I am trying to create a sheet that functions as a One Number Budget. I have attempted to use the Spending Money sheet, but it doesn’t work as I want it to. My plan is to use the Category tab to divide my expenses into Fixed and Variable categories. I aim to create a list of all my fixed expenses, which will update automatically once they’ve been paid from my account. I also want to include my savings and debt payoff goals in the fixed expense category. Ultimately, I want to have a running total that shows how much discretionary spending I have left each month. Unfortunately, I lack the technical know-how to build this sheet myself.
Interesting. I hadn’t heard of a One Number Budget before.
I don’t think I have seen something that has all these pieces organized the exact way you lay out but you can likely find a number of pieces that are close if you search in the Show & Tell section(s). You may be able to pull them together into a single view or just use them as standalone functional sheets.
The new Monthly Budget Calendar might be helpful with seeing “how much discretionary spending I have left each month”.
Thank you for asking this question – I’d never heard of the One Number Budget approach before now! I researched this method and wrote a post about it to share with the rest of the Tiller Community.
If you don’t mind me asking, how did you find the One Number Budget, and why do you like it?
If you simply want to see a running total of your spending vs a target, I agree with Randy that the Monthly Calendar is an easy, customizable way to do this. You could enter your “One number” as your budget target:
I’m hoping someone in the Community builds a dedicated template based on the One Number Budget. In the meantime, there are a couple of ways to customize you category names, groups, and tags in your Tiller Foundation Template to get close.
Note: if you want to experiment with changing your categories, we recommend copying your original spreadsheet and trying your changes there. AutoCat can easily reassign transactions to your new categories, tags, etc.
Creating specific category names to follow the One-Number system will probably get messy fast. Instead, consider using groups that follow the system of fixed monthly expense, non-monthly expense, financial goal, and discretionary expenses:
You can then run a report on your groups with the Category Tracker for Google Sheets or Microsoft Excel, to easily see what you’ve spent in each group by week, month, and year.
Or, you can make quick pivot table or create a category filter.
If you don’t want to customize your category groups in this way, you could also use tags:
You can generate a report on tags with the Category Tracker for Google Sheets or Microsoft Excel. For Google Sheets you can also use the Tag Report.
@Cosmos I am very interested in this budget approach. Conceptually, getting a real-time view of your spending limits makes a lot of sense. I also like how it removes some of the barriers and complexities of traditional budget strategies. Similar to you, I am not technical enough to build the template. I would happily pay someone to make it if they are interested.
@Edward You mentioned copying the sheet to test the method. Just to clarify, are you suggesting duplicating the file in Google Drive and setting up the One Number Budget?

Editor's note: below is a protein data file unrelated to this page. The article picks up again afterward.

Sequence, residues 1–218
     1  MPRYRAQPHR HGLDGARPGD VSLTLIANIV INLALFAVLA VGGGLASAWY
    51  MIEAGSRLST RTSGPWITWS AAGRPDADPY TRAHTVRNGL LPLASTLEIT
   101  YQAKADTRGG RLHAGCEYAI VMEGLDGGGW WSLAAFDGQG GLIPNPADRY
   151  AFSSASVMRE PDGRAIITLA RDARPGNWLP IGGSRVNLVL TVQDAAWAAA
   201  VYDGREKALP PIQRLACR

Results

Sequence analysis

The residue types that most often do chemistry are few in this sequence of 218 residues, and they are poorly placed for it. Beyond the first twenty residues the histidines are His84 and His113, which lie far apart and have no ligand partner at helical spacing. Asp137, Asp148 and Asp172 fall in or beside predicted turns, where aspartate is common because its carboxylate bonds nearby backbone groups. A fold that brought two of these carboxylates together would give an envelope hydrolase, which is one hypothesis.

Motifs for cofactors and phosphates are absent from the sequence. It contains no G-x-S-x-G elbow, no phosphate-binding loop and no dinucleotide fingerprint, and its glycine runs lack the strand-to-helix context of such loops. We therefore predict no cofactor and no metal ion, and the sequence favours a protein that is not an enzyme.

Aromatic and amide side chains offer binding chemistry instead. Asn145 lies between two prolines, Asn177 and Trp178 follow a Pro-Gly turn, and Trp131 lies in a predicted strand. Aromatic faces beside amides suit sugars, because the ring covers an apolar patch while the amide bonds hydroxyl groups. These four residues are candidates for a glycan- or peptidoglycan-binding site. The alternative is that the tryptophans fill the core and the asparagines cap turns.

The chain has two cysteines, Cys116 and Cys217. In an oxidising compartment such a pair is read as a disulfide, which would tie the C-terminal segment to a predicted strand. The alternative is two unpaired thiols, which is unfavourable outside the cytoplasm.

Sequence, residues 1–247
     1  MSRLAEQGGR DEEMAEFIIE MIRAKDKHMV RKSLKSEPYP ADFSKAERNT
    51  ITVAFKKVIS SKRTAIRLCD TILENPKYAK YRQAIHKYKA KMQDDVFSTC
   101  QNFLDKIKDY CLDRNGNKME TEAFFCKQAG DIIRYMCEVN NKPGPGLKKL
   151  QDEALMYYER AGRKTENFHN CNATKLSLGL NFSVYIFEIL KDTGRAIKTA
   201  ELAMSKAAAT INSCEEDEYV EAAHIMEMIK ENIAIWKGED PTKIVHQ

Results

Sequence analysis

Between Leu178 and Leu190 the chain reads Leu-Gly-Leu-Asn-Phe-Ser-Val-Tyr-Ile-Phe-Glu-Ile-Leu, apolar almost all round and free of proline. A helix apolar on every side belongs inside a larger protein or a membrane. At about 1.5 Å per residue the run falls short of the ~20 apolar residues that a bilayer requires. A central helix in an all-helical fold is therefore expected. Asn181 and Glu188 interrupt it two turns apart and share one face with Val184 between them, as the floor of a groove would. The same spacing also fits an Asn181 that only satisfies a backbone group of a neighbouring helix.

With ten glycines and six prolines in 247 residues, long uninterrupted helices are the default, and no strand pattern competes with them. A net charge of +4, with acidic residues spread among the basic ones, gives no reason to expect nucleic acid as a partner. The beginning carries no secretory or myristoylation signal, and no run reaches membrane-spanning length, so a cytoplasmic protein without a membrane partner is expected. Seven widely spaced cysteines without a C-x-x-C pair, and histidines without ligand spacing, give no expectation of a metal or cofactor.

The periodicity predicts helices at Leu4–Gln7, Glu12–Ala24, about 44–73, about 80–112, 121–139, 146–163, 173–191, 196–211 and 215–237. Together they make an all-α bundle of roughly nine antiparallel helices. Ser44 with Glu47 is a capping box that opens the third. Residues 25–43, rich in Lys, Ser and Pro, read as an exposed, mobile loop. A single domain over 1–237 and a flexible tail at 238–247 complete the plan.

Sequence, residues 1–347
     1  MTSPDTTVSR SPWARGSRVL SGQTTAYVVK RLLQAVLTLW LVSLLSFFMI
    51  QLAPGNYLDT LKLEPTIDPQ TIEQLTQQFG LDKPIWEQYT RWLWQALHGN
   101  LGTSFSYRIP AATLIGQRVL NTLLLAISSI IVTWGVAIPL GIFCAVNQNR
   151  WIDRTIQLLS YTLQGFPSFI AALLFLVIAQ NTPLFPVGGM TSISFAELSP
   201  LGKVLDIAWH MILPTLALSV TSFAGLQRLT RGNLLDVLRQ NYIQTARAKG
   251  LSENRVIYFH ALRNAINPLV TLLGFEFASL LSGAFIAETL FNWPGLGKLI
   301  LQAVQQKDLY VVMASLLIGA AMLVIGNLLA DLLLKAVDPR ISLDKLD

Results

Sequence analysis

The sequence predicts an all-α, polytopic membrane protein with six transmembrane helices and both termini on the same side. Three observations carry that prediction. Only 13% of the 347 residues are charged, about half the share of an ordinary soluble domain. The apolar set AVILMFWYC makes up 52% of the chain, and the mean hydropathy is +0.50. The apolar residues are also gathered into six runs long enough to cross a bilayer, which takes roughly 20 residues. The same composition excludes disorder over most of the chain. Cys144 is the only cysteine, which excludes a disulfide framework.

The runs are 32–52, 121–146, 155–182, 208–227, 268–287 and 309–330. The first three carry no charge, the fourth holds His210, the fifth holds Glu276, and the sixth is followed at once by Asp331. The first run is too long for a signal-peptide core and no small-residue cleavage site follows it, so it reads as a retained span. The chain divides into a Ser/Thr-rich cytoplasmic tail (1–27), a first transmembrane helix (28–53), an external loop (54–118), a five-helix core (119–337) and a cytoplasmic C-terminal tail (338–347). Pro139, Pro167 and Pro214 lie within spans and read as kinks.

Thanks everyone for your feedback!
@randy Thanks for sharing the new Monthly Budget Calendar! That accomplishes most of what I was looking for. Very cool.
@Edward I only recently learned the solution I have personally used manually had a name. I’ve been looking for an app that would automate a solution like this for a very long time. I finally decided to ask here since this is what I use for managing my personal finances.
As an accounting and finance professional, I am a big believer in budgets for businesses. However, a lot of people (myself included!) don’t have the time or desire to track spending at a granular level. I budget my fixed expenses and savings and debt goals which leaves me with a single number for discretionary spending.
I made adjustments to the Spending Money sheet similar to what you’ve detailed above that allows me to see a remaining balance, but the Monthly Budget Calendar is much cleaner!
My understanding of @Edward’s note about copying the spreadsheet, @EdwardDarrah, was that you could make a copy for experimentation before implementing changes in your master data set.
You could also make the changes in your master and then revert the changes using Google Sheets’ restore functionality if you are not happy with the new approach.
Glad you like the Monthly Budget Calendar, @Cosmos.
I hear you on granular budgeting. I’m the same way. I want a holistic picture and to feel like there is some accountability, but I don’t need or adhere to line-item net budgets at the end of every month. I’m more of a “tracker” than a budgeter.
That makes sense; thanks for clarifying.
For the One Budget Number, is it still possible to use this approach if you carry student loan or credit card debt? And if so, how is debit implemented into the formula to determine the weekly number?
Certainly! I have both savings and debt payments incorporated into my fixed budget. I tried to attach a screenshot of an example but it won’t let me.
I adjusted the Spending Money sheet to function similarly. On the Categories tab, I group by Fixed and Variable and updated the query to pull in accordingly. Again, tried to add a screenshot but I’m not able.
It would be great if there was a way to automatically adjust the discretionary number with actuals for fixed expenses that can vary like utilities. I’m not sure how to do that.
Thank you, this is helpful information. I wish there was template to set it up. I doubt I will be able to manipulate the formulas.
Perhaps @Cosmos will share the edit made to the Spending Money sheet to achieve this outcome, that was the sheet I had in mind as well.